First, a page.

As with the tax credit for start-up costs, the contribution credit is not available if the employer has covered substantially the same employees in a qualified plan, SEP IRA, or SIMPLE IRA in the 3 preceding taxable years. However, unlike the credit for start-up costs, this limitation on the contribution tax credit applies only to the first year’s credit. In other words, even in that case the eligible employer will be entitled to the 2nd, 3rd, 4th and 5th year credits for contributions.

In addition to the tax credits for administrative costs and contribution costs, there is a $500 tax credit for establishing a plan with automatic enrollment.

Concluding Thoughts

It is proven that access to retirement plans increases the financial security of American workers in retirement. While almost all large employers already sponsor retirement plans for their employees, the same is not true for smaller employers.

Congress is aware of this problem and these new tax credits are part of its efforts to provide an answer. The Congressional intent is to encourage the formation of new plans by small employers.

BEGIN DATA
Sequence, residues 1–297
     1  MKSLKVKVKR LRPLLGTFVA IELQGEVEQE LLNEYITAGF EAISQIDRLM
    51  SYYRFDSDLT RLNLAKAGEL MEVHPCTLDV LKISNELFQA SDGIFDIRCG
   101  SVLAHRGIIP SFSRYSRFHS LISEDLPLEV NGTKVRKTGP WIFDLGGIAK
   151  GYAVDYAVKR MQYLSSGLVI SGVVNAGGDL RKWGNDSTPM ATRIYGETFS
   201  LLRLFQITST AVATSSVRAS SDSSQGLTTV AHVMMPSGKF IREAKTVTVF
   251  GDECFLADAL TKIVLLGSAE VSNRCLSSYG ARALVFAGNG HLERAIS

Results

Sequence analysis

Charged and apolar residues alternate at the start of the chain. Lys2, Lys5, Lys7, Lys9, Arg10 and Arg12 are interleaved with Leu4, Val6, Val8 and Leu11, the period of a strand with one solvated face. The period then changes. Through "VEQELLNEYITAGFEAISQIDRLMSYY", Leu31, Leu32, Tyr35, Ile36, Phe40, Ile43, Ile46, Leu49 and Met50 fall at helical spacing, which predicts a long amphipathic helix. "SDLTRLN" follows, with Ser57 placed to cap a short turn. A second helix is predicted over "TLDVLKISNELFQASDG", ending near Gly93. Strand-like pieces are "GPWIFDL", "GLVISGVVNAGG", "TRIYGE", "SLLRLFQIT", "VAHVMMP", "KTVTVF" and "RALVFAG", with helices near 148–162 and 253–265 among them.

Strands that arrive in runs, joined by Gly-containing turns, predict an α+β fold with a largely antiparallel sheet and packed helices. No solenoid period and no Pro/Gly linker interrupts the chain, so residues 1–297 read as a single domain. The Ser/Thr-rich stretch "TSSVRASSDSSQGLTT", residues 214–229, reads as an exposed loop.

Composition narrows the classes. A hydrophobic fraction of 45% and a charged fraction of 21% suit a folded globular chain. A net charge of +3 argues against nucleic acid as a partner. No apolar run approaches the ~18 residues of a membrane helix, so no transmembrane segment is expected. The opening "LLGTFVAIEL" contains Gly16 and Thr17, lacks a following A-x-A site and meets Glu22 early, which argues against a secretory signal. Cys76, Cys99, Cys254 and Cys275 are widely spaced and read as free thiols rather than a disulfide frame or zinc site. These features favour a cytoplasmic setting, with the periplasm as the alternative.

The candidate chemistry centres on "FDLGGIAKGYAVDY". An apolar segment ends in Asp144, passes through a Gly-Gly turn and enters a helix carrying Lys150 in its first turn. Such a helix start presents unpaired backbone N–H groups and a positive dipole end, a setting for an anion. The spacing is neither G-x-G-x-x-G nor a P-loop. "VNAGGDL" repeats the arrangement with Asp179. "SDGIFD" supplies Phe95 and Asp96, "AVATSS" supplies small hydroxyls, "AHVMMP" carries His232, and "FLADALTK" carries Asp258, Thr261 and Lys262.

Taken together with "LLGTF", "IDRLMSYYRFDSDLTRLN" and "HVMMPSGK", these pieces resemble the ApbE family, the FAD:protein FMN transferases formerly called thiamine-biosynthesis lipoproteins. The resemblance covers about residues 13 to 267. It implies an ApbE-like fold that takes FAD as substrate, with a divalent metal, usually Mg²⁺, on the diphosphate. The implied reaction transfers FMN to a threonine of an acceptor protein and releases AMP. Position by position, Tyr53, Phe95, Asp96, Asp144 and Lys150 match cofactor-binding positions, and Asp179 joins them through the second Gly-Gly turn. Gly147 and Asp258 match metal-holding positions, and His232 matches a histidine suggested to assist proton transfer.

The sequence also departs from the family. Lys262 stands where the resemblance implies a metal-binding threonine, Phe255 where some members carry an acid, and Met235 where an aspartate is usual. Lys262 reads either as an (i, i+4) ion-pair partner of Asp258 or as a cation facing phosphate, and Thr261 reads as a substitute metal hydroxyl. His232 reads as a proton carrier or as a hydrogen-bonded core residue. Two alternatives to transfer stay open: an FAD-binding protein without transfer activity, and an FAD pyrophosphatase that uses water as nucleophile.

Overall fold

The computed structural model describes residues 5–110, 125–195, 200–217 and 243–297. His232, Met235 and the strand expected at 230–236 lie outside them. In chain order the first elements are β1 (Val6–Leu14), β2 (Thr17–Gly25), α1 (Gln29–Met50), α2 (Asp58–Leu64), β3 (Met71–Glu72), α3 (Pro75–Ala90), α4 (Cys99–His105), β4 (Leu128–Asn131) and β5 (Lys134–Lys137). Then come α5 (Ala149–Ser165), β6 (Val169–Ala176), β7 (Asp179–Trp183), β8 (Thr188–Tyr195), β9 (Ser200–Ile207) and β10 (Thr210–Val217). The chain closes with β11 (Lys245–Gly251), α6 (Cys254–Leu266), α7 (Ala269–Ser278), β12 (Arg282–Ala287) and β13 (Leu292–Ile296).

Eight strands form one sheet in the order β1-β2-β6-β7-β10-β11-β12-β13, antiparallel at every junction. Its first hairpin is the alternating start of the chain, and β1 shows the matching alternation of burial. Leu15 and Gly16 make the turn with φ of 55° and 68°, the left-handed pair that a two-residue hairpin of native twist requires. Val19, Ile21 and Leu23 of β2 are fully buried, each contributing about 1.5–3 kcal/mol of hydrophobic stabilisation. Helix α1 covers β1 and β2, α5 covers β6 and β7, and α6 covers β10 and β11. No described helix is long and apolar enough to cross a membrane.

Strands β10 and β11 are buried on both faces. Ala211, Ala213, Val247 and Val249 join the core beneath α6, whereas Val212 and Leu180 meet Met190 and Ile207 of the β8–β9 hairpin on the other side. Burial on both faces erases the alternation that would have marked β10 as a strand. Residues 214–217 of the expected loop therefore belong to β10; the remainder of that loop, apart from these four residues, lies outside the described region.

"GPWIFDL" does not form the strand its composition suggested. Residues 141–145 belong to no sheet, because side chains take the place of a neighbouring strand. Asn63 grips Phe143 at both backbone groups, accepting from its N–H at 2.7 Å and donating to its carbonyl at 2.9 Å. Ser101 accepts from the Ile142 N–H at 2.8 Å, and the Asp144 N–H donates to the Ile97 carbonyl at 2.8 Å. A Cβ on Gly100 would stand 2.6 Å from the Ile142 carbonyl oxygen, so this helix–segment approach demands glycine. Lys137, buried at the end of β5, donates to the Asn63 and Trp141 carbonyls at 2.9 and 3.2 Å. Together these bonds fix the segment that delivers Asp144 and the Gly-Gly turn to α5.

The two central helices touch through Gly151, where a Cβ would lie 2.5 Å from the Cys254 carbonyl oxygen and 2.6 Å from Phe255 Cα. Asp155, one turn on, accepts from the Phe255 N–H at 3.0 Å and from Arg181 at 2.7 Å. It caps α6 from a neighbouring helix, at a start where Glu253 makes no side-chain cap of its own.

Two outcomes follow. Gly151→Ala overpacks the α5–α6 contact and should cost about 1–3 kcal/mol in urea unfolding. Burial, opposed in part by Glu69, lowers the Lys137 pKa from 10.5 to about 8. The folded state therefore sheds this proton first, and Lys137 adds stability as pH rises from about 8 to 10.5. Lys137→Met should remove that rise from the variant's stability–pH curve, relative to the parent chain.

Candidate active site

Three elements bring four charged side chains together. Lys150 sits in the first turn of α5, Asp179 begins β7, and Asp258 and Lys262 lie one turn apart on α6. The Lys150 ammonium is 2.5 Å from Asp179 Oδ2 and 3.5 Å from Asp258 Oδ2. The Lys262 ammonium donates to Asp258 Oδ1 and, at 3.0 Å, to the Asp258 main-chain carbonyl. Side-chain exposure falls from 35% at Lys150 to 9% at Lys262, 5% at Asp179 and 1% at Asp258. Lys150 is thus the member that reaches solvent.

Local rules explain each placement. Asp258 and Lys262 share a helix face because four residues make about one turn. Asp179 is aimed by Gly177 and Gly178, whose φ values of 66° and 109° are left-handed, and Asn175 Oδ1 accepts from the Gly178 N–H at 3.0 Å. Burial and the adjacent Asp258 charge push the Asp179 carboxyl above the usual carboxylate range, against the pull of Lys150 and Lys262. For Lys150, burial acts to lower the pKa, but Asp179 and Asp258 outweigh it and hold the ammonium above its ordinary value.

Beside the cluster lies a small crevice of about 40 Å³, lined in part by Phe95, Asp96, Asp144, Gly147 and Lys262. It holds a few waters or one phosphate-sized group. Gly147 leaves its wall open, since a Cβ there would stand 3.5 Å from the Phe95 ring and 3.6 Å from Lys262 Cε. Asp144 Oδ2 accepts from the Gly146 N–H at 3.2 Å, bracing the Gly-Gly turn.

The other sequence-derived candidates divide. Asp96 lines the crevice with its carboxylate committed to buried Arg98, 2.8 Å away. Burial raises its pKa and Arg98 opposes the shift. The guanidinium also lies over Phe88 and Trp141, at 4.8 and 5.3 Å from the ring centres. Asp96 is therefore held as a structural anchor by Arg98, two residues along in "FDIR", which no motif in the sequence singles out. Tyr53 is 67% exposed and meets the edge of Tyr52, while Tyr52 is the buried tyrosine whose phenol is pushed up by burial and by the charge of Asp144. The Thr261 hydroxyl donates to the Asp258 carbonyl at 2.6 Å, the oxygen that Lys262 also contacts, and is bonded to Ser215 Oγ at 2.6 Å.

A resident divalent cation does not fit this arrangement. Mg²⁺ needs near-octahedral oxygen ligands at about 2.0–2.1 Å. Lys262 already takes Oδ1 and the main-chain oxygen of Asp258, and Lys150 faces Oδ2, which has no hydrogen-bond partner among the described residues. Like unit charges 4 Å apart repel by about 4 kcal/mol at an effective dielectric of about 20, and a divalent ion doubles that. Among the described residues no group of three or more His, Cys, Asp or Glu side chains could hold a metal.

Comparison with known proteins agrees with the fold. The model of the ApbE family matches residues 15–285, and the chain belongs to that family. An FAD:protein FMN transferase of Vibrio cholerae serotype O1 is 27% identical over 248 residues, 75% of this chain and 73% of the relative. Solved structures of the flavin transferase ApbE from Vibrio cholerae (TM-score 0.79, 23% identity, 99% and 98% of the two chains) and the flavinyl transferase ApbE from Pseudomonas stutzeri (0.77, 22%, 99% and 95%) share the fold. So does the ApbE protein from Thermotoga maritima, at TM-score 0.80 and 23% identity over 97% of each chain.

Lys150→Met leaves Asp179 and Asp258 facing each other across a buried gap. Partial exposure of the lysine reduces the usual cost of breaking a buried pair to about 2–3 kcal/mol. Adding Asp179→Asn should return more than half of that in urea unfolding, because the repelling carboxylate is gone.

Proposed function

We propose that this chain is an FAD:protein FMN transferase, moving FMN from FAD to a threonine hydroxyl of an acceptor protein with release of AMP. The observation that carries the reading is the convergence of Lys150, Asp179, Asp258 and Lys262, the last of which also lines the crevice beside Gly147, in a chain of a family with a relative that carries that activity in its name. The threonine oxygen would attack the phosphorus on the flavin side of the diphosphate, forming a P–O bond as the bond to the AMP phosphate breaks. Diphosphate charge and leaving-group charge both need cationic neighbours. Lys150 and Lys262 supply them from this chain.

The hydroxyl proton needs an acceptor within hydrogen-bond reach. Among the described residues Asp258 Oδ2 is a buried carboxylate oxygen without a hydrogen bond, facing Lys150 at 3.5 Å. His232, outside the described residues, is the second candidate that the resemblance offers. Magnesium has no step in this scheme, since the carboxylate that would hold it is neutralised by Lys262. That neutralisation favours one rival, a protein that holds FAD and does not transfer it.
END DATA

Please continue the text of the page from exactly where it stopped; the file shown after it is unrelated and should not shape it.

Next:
SECURE 2.0 amended an existing tax credit for administrative expenses for start-up plans by doubling its value for employers with 50 or fewer employees. This enhancement, together with the tax credit for plan contributions for newly established plans of small employers, should accomplish that goal. The combined tax credits can make a new plan almost free for the first 3 years and, even after that, a plan sponsor will receive partial credits for contributions for another two years.


The material contained in this communication is informational, general in nature and does not constitute legal advice. The material contained in this communication should not be relied upon or used without consulting a lawyer to consider your specific circumstances. This communication was published on the date specified and may not include any changes in the topics, laws, rules or regulations covered. Receipt of this communication does not establish an attorney-client relationship. In some jurisdictions, this communication may be considered attorney advertising.

The views expressed in this article are the views of Fred Reish, and do not necessarily reflect the views of Faegre Drinker.